The House of Lords has dashed the hopes of claimants who have suffered from the effects of deep vein thrombosis (DVT) after ruling that the test case against China Airways and British Airways, brought by 8 people claiming that they developed DVT as a result of air travel, should not succeed.
DVT occurs when, as a result of restricted movement, a blood clot forms which can then cause serious complications if it reaches the brain or lungs. It has been estimated that between 500 and 1,000 travellers die annually as a result of DVT.
The claimants had argued that the airlines did not give sufficient warnings about the possibility of DVT occurring on long-haul flights and sought to make them pay compensation, which they are obliged to do under the Warsaw Convention if there is an ‘accident’. The Lords could not accept that the concept of an accident could include DVT, Lord Scott of Foscote concluding that, “an event or happening which is no more than the normal operation of the aircraft in normal conditions cannot constitute an... accident.”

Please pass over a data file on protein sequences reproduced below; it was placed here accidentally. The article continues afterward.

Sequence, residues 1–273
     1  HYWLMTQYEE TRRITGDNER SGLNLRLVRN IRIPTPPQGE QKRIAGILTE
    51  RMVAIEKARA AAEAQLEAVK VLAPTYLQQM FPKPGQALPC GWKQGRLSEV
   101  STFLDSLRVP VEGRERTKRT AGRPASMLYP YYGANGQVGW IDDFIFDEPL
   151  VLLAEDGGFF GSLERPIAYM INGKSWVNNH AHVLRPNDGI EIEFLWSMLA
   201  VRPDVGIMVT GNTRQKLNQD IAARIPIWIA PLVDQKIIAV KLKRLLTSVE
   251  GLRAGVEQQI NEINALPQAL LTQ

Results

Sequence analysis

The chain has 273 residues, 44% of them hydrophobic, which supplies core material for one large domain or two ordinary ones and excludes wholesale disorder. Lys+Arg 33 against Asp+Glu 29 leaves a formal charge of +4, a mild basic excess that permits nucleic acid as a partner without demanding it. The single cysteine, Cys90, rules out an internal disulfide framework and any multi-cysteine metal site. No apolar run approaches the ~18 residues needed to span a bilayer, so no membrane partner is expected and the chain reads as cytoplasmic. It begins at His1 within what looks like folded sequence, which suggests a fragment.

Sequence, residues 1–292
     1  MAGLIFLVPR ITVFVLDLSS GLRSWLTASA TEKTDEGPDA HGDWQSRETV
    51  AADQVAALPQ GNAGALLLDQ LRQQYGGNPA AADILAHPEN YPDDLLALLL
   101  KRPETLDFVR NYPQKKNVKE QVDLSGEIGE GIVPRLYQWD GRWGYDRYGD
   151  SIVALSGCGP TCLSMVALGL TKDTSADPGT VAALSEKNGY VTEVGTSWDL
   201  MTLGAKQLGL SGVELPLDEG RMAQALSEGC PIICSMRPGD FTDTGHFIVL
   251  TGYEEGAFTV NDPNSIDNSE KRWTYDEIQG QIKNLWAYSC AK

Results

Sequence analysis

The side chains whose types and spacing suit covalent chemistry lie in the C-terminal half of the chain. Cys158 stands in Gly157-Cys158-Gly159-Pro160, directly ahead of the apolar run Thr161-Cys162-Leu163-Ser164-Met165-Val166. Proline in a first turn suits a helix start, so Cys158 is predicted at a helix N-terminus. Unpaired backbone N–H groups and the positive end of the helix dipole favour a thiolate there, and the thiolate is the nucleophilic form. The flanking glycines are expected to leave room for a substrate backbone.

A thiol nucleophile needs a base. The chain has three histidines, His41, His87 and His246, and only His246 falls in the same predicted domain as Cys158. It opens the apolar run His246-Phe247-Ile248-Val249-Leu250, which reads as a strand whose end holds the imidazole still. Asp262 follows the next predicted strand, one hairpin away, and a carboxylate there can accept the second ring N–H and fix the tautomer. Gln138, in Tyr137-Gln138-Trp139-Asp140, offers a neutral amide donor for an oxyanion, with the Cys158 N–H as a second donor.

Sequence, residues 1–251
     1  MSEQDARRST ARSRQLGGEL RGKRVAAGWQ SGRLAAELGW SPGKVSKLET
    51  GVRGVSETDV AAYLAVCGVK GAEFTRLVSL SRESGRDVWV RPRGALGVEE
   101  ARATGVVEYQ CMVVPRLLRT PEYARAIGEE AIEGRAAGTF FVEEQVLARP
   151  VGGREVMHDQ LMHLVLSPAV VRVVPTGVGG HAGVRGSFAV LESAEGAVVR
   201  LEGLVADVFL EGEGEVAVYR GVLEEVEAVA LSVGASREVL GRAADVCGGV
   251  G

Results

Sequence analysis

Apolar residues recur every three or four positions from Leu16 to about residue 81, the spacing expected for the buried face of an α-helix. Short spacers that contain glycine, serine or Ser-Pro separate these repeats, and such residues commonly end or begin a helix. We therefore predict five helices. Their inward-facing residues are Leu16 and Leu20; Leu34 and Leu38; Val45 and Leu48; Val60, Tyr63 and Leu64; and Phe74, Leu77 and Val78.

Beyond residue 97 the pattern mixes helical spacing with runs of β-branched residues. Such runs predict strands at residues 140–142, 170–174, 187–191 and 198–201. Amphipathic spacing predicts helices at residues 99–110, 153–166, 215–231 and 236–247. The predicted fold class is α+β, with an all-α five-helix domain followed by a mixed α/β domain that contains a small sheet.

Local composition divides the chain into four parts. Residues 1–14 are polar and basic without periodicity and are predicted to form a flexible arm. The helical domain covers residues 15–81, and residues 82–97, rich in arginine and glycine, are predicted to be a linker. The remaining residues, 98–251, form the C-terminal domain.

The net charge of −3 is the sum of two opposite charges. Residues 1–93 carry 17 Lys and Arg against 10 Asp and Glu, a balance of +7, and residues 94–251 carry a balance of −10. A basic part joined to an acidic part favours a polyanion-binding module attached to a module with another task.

The case may well be continued in the European Court.
The contents of this article are intended for general information purposes only and shall not be deemed to be, or constitute legal advice. We cannot accept responsibility for any loss as a result of acts or omissions taken in respect of this article.